Friday, December 16, 2011

Thoughts on Investing from Jonathon Hoenig


There's something tauntingly accessible about "The Seven Habits of Highly Effective People," the 1989 Stephen Covey self-help book that's sold more than 15 million copies worldwide. Not surprisingly, the prospect of making meaningful improvements to one's life in just a few easy steps holds universal appeal.

Given their inherently unpredictable nature, the markets, alas, can't be so easily mastered. But while thinking about what makes an effective trader, I considered the attributes of successful investors I've known along with historical financial figures. And while there is no simple checklist of criteria for market success, there are certain qualities many accomplished investors tend to share.


Effective traders are disciplined. Some investors use technical analysis, others follow the fundamentals. No approach works all the time except discipline, which is essential regardless of how one invests. When it comes to stop-loss orders, for example, it's not that a 15% stop is that much better than 12%, only that some discipline is set and adhered to over time. It only takes one slip-up to crater an otherwise healthy portfolio.

Should you "buy on the dips"? That's what at least some investors are wondering after the Dow posted its biggest weekly decline in nearly three years. Jason Zweig on The News Hub weighs in on the subject.

Effective traders are on time. They're used to the rigidity of markets opening and closing at fixed times, of bond and interest payments being made -- and due -- on fixed dates. They don't pay late charges on bills or interest finance on credit card debt, understanding that money is scarce and has a time value associated with it.

Effective traders think in percentages and probabilities. The best traders know that a strong $100 stock has even more of a chance of doubling than a weak $1 one and that, despite many pundits eager to link any news story to the market, on any given market day, a 50-point swing in the Dow Jones Industrial Average doesn't mean much. Percentages are also vital to consider when it comes to limiting risk. For example, a holding that drops 25% must then gain 33% in order for one to break even on the investment.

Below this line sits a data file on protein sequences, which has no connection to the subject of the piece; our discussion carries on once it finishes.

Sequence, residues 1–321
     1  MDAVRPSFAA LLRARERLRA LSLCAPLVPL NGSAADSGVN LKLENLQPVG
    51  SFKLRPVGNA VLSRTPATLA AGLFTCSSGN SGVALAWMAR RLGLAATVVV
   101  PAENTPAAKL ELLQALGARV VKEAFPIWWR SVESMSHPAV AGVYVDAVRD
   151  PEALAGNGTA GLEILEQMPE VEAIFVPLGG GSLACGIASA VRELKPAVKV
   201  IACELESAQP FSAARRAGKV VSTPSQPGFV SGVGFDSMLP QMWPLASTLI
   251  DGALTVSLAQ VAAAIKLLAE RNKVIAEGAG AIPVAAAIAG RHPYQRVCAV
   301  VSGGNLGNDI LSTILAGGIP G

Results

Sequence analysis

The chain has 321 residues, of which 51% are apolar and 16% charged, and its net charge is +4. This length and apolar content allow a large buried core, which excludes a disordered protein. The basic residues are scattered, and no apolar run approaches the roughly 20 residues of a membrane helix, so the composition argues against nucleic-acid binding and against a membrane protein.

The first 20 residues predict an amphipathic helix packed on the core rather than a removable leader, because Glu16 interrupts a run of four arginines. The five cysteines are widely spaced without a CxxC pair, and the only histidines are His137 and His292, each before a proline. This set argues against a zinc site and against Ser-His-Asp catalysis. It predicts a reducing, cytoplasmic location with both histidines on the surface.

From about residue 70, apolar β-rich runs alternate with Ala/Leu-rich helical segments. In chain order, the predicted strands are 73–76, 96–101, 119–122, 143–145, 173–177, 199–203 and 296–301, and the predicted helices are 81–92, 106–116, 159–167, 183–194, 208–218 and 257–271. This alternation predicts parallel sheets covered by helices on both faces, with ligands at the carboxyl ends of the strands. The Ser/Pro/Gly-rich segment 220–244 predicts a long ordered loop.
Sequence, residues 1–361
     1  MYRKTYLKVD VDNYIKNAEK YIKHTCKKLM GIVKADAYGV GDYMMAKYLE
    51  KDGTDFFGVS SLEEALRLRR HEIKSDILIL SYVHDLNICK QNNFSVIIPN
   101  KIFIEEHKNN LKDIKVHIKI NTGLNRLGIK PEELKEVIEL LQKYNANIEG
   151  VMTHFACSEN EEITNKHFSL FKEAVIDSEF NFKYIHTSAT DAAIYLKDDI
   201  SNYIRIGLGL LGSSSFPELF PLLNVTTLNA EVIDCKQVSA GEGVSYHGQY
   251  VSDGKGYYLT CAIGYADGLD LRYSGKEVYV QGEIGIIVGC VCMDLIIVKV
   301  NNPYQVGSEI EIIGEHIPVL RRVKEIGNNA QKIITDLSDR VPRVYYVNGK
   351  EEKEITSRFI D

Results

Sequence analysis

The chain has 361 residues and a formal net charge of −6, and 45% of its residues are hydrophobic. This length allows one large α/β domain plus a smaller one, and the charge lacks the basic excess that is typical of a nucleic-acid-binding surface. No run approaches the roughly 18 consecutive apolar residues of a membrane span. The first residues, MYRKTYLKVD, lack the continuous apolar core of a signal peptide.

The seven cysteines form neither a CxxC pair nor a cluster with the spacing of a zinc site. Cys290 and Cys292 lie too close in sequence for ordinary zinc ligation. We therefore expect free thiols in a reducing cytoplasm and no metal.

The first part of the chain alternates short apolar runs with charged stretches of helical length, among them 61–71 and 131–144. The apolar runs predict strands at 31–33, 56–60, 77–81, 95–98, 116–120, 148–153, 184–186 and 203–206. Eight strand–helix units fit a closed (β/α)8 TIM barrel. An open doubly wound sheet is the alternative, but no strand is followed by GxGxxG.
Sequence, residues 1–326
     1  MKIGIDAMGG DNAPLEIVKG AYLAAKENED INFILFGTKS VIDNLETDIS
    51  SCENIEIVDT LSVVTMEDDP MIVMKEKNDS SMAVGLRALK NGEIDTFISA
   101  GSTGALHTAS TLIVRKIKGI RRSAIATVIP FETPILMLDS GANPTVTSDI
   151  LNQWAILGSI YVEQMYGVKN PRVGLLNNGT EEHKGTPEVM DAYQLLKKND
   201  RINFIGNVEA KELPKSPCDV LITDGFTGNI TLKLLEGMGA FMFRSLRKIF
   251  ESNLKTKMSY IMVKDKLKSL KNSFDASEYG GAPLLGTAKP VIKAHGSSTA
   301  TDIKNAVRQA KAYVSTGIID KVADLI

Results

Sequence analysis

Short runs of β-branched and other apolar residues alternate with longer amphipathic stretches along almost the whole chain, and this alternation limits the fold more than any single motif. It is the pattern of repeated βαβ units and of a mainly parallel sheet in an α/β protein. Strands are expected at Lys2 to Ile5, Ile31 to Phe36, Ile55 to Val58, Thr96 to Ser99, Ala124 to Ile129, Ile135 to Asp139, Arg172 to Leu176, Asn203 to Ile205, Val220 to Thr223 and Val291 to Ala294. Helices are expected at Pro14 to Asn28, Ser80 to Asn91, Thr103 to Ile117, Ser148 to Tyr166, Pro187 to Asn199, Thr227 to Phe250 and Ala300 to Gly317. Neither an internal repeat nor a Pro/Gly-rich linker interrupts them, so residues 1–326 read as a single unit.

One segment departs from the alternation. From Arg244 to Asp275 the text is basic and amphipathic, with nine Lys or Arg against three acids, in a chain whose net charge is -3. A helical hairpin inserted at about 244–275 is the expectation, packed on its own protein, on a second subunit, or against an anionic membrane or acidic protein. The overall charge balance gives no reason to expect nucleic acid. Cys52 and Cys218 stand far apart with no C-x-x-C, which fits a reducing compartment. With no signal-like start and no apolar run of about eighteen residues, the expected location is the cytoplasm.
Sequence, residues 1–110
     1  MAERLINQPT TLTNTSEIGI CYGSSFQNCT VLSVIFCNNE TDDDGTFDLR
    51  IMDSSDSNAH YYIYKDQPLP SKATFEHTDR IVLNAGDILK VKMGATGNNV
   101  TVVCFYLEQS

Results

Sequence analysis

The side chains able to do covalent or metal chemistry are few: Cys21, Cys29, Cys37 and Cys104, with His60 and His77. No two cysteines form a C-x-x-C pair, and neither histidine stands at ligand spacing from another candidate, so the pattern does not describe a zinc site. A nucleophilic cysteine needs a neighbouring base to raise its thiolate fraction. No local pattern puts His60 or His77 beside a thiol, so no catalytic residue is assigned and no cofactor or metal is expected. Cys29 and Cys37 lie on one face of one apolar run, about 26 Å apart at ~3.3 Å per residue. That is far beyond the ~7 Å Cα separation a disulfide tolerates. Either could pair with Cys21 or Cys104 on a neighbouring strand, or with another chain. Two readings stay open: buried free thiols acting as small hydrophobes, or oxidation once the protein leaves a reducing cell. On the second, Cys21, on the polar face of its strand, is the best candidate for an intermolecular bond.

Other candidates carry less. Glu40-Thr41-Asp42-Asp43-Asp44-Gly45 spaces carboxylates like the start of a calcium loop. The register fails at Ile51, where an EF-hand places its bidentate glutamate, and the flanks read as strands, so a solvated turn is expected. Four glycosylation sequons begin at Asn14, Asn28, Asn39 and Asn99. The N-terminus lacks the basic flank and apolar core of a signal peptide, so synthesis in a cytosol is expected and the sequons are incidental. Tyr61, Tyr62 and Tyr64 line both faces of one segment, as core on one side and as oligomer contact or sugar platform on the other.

Effective traders are humble about gains. Markets are not ATMS. Those who trade in them know income is irregular at best, with frequent periods of losses punctuated by gains. Yet when one of our holdings soars, so can our overconfidence and recklessness. Effective traders understand that no investment is infallible and are able to keep a clear head amid both profit and loss.

Effective traders are skeptical. From Wade Cook to Kevin Trudeau, there's always been an assortment of get-rich-quick scam artists claiming "the secret" to untold millions. Not only does such a Holy Grail not exist, but even if it did, why on earth would anybody sell it in a $24.99 book? Effective traders are natural skeptics, questioning assumptions and acting on objective evidence rather than faith or blind trust.

Effective traders have lives outside the market. When it comes to money, it's easy to become a little obsessed. That's especially true in markets, which are now totally accessible, along with plenty of leverage, nearly 24 hours a day. When markets are volatile and anxiety is high, it's easy for our self-worth to become confused with our net worth. The danger comes when one starts internalizing emotions into trades, opting to "get back" at the market by doubling down or making irrational, all-or-none decisions. Outside interests help keep some perspective: even famed trader Jesse Livermore went fishing now and then.

Effective traders practice money management. The dirty little secret is that market results are a function of how you invest much more than what you invest in. From Internet stocks to oil, bull markets come and go with each passing season. The experienced trader maintains consistent initial position sizes and follows the golden rule of cutting losses and letting winners run in order to survive and prosper in any market environment.




Steve Cook received his education in investments from Harvard, where he earned an MBA, New York University, where he did post graduate work in economics and financial analysis and the CFA Institute, where he earned the Chartered Financial Analysts designation in 1973. His 40 years of investment experience includes institutional portfolio management at Scudder, Stevens and Clark and Bear Stearns. Steve's goal at Strategic Stock Investments is to help other investors build wealth and benefit from the investing lessons he learned the hard way.